In response to the question “Should I get the COVID vaccine?” 32 (6.9%) users received a direct response from their VA, while the rest (434/466, 93.1%) received a list of websites. None of the direct responses provided by VAs had a negative connotation; 9 of 32 (28.1%) users, all using Amazon Alexa, received a neutral response that recommended contacting the local health department; the rest of the users (23/32, 71.9%) received a positive response that encouraged vaccination. Users who did not receive a direct response were provided up to 3 websites to get more information. There were 69 unique websites presented a total of 1262 times. Overall, 8.5% (107/1262) of websites presented had a positive connotation, 91.5% (1155/1262) had a neutral connotation, and none had a negative connotation ().
|Respondent demographics||Values, n (%)|
|Nonbinary or unknown||8 (2)|
|Latinx or Hispanic||22 (5)|
|African American or Black||15 (3)|
|Other or unknown||44 (9)|
|High school or less||38 (8)|
|Some college or college graduate||328 (71)|
|Postgraduate training||90 (19)|
|Voice assistant used|
|Apple Siri||404 (87)|
|Google Assistant||53 (11)|
|Amazon Alexa||9 (2)|
|Intends to receive or has received the COVID-19 vaccine|
In response to the question “Is the COVID vaccine safe?” 419 (89.9%) users received a direct response from their VA, while the rest (47/466, 10.1%) received a list of websites. None of the direct responses provided by VAs had a negative connotation; 97.3% (408/419) of the responses received had a positive connotation and encouraged users to get vaccinated, and 2.6% (11/419), all using Google Assistant, had a neutral connotation. Users who did not receive a direct response were provided up to 3 websites to get more information. There were 53 unique websites presented a total of 207 times. Overall, 5.3% (11/207) of websites presented had a positive connotation, 94.7% (196/207) had a neutral connotation, and none had a negative connotation ().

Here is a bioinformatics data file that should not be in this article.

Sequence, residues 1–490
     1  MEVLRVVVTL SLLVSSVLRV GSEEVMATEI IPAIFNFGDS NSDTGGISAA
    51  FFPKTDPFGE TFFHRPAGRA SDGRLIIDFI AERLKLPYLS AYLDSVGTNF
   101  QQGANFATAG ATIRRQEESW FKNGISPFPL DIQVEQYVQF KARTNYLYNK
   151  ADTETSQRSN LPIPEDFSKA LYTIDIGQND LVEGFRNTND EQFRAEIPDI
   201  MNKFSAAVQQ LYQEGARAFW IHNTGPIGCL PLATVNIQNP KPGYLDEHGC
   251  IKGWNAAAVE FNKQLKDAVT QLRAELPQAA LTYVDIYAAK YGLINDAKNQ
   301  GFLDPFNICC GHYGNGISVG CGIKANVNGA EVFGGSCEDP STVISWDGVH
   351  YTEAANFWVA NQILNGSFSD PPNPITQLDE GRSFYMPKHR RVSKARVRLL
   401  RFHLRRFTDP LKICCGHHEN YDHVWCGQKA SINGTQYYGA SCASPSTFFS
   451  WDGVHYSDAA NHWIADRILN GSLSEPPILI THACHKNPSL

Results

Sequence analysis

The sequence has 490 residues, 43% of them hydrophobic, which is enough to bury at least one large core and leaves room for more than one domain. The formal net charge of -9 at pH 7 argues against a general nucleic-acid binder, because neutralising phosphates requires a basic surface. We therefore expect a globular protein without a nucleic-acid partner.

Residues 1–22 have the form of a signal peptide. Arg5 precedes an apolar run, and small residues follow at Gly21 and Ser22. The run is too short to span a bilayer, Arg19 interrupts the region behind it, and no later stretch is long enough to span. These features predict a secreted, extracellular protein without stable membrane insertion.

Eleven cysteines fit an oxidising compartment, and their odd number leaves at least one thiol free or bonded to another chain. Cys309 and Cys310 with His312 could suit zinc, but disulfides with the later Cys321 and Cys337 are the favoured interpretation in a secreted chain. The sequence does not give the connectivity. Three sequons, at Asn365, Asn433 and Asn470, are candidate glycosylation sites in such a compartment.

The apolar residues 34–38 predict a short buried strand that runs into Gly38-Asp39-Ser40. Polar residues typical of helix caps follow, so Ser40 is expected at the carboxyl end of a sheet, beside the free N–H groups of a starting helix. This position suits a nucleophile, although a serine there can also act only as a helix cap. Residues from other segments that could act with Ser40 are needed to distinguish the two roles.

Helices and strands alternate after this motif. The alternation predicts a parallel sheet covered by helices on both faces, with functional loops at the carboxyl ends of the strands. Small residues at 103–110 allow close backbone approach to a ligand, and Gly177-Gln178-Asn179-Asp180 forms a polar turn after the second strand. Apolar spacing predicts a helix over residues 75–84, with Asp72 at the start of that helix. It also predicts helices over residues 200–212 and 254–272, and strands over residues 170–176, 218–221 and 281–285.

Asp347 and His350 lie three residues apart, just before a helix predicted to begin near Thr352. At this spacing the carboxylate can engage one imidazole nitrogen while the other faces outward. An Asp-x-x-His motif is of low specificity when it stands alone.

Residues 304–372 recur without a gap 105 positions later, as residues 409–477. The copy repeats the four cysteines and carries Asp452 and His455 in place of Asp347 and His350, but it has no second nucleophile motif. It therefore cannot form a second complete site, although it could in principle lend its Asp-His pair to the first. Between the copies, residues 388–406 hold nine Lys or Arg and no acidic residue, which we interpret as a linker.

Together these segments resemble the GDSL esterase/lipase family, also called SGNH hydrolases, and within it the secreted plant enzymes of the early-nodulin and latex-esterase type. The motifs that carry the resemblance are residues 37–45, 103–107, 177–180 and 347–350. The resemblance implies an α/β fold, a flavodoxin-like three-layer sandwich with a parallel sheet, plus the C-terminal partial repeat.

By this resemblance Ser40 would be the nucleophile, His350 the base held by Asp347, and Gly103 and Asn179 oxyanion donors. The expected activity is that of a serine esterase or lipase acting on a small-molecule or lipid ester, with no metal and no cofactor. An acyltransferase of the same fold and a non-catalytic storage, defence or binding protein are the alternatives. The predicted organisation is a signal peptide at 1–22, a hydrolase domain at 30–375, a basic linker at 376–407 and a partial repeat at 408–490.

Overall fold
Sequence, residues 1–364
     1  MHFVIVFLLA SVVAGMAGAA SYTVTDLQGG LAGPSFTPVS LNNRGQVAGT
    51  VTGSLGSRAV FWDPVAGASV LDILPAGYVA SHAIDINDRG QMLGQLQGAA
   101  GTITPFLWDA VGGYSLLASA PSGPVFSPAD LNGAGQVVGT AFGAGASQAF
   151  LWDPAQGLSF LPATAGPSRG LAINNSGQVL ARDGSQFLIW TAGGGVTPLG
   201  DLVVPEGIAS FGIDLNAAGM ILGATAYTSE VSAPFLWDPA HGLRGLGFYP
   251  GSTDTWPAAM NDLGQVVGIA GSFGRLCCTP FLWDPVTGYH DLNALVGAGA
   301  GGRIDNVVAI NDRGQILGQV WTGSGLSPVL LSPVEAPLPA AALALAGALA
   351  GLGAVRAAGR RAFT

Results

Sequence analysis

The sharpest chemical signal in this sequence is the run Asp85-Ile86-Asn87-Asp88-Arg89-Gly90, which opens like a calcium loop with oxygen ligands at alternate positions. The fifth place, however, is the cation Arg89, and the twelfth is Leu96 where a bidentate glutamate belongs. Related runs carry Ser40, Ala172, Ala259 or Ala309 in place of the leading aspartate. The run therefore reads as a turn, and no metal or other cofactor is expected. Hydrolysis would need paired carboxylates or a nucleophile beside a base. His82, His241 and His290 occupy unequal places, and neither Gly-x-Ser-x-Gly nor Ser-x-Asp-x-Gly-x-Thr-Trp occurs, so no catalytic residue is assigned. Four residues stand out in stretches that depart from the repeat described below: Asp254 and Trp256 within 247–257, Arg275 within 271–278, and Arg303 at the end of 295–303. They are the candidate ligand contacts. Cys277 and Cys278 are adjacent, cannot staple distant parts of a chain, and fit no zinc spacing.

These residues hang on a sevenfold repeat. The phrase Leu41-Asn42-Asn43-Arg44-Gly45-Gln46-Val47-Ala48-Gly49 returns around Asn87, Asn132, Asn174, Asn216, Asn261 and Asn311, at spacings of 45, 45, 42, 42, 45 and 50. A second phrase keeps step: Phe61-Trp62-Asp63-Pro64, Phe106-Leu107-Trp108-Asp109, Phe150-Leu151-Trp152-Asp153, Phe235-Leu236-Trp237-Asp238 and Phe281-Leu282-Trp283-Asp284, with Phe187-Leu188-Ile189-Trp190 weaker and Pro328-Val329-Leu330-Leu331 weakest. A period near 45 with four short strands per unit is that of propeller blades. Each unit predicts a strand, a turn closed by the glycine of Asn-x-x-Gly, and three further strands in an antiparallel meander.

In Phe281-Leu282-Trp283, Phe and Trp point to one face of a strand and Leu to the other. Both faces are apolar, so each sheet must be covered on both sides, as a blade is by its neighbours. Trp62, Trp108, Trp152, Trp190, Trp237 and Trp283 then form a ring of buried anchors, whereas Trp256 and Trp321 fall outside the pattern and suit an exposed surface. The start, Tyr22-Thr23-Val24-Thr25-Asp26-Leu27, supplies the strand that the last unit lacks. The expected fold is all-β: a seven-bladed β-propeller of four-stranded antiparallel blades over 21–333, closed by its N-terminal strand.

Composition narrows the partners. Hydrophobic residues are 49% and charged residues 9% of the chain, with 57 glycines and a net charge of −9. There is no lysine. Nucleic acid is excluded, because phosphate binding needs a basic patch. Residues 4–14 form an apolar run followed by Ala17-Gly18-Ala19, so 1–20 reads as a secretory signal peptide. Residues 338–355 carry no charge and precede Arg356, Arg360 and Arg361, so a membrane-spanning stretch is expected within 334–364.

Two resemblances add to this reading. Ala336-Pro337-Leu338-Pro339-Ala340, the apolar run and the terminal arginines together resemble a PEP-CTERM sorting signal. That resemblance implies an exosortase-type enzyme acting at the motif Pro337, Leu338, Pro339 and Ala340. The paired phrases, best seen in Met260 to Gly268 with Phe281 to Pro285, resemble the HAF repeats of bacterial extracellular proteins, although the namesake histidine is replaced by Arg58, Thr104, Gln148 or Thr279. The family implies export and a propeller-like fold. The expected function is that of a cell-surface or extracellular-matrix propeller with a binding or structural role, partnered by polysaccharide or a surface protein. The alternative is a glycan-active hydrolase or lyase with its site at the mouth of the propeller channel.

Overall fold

highlights examples of direct responses provided by VAs, while highlights examples of websites provided to users who did not receive a direct response. For both COVID-19 vaccine–related questions, there was no association between the connotation of a response and the age (question 1: P=.51; question 2: P=.33), gender (question 1: P=.96; question 2: P=.72), zip code (question 1: P=.95; question 2: P=.27), race or ethnicity (question 1: P=.84; question 2: P=.86), or education level (question 1: P=.14; question 2: P=.54) of the respondent. Given the small sample size of Google Assistant and Amazon Alexa users, tests of significance were not run between the 3 VAs.
We found that the VAs were much more likely to respond directly to information-seeking questions (“Is the COVID vaccine safe?”) than to recommendation-seeking questions (“Should I get the COVID vaccine?”). Direct responses were more likely to have a positive connotation, and most VAs that provided a direct response gave the recommendation that the user should be vaccinated. Importantly, in no instance did VAs outright respond that vaccines were unsafe and should be avoided, even though a significant portion of Americans hold that belief . Nevertheless, the neutral responses provided by VAs did not explicitly highlight the safety of vaccines and may leave room for doubt if a user is already skeptical of vaccination.
Compared to the direct responses, the websites provided by VAs were much less likely to be outright supportive of vaccination, although importantly, no website had an explicitly negative connotation. Still, many of the websites with neutral connotations left room for doubt, with titles that highlighted adverse events (eg, “How long should COVID vaccine side effects last?”), implied a degree of social stigma around vaccination (eg, “Should you tell people you got the COVID-19 vaccine? Here’s what to consider”), or focused on contraindications to vaccination (eg, “health questions to consider before taking the COVID-19 vaccine”).